Surnames/tags: Feeney Donnelly
It's me again. this time I'll tell the reader what I know about the Feeney side of the family. The maternal grandparents, Charles and Catherine (Kate) Fenney. Getrude's family. The Irish side.
Were you ever surprised to find something you were looking for? Well that happened to me. I was searching in the Philadelphia Archives, actually it was the Federal Archives, at 9th and Market Sts. I was searching back in the Philadelphia census books. I started at the Civil War and worked my way up to 1870, and bingo, there he was "Timothy Feeney," (see map). Roughly I figure he was born in 1840, (see census page). Timothy married Margaret Hawkins. They lived around St. Pauls' Church at 9th and Christian Sts. In Philadelphia, Pa. I guess the only thing they brought with them was their strong Catholic background.
What I remember about Charlie Feeney is very little. His daughter, Gertude, told me they lived in the "Meadows," (88th and Brewster Ave.) in southwest Philadelphia. that was, at the time, the outskirts of the city. It was probably after the turn of the century. Gertrude remembered they had a mean gander, (a male goose). Whenever she went out of the house, that damned gander knew she was out, and began to chase and nip at her. They must have raised poultry.
Charlie moved his family to south Philadelphia. He worked for a lumberyard, Mitten Brothers. The business was located at Front and Reed Sts. Charlie drove a team of horses with a delivery wagon. Gertrude would be right there by his side. He would allow her to handle the team when no one could see them.
On the corner of Front and Reed Streets, was Pat Garrity's Saloon. Pat was good to his neighbors. When there was food left from their lunch crowd, he would share it with the poor, (just about everyone was poor then). I can smell his homemade vegetable soup right now!
Charlie took a job working as a checker along the docks. (waterfront) around 1920. He recorded all the items being loaded and unloaded off the ships. He worked at that until his death in 1939.
Charlie was more than a fan of baseball. He was a coach with a Phillies minor league team. They played on the field at Front and Carpenter Streets. He was a close friend of Baseball Hall of Famer, Chuck Klien. Chuck would visit Charlie's home on Moymensing Ave. and Reed Sts. to have dinner and play some catch.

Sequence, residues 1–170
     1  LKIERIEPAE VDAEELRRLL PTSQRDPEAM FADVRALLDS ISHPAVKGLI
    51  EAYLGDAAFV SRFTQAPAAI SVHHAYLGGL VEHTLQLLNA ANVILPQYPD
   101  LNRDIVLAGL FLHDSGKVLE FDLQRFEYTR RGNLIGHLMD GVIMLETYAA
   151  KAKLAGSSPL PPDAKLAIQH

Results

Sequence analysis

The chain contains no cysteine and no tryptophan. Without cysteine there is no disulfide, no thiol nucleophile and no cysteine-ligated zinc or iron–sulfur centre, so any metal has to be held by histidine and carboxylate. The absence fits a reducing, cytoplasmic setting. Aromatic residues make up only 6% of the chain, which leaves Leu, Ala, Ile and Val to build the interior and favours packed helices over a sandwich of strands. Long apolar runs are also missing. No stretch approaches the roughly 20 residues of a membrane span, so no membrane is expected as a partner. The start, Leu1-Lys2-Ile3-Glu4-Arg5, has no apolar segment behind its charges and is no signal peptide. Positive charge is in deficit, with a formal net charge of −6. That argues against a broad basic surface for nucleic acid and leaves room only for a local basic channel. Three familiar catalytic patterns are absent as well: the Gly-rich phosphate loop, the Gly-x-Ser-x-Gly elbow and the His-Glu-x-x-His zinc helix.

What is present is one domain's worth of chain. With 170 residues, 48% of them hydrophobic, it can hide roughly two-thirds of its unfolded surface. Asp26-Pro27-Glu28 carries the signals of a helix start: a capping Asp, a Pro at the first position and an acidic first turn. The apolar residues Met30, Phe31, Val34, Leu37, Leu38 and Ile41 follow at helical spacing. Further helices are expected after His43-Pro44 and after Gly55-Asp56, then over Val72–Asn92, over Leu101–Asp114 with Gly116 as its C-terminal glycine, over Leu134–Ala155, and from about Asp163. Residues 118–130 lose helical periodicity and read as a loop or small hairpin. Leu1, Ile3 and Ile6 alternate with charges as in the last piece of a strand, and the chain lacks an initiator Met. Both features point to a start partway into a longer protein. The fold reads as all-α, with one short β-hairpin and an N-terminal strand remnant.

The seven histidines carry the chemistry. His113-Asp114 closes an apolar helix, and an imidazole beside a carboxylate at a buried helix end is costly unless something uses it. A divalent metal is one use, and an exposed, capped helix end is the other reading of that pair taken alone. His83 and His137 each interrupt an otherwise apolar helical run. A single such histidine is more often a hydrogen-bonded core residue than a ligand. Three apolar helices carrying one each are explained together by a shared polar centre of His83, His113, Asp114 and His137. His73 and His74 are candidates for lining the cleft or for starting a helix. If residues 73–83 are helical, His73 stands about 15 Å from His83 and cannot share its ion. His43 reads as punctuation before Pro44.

Charlie and Catherine were living with us when I was just a small tyke. Once when I had a sore throat, Charlie made a funnel, put it in my mouth and blew in some sulfur he had scraped, down my throat. It must have worked, I'm still here. There were times I remember looking up at him. I felt tiny, "I guess I was." He was very tall and I was very small.
Charlie Feeney is where Mummers fever gets into the family. He was a member of the old "Lobster New Years Club." He designed, built, and sometimes carried those huge framed suits. In a way I feel proud to be the only Rogers boy named after an "Irishman." Getting back to the Mummers, til this day his descendants carry on the family tradition. A family where "Happy New Year" means a long march up Broad Street.
Catherine (Kate) Feeney, at the age of 50, developed stomach cancer. The doctors opened her stomach, then closed it up again, saying there was no hope for her. She lived another 23 years! Catherine died at her daughter's home. She was holding her grandson Charlie's hand. Catherine had a sister, Mary, and a brother, Charles.  They lived at 3rd and Dickerson Street. Both have died.
Charlie Feeney also had sisters, Maggie (short for Margaret), and another named Kate (Catherine).
- ↑ Read about the Mummers Parade held each New Year's Day in Philadelphia.
- ↑ They also had a daughter named Margaret who was born before Gertrude, but died before 10 years old.
- ↑ Catherine had a total of 7 siblings.
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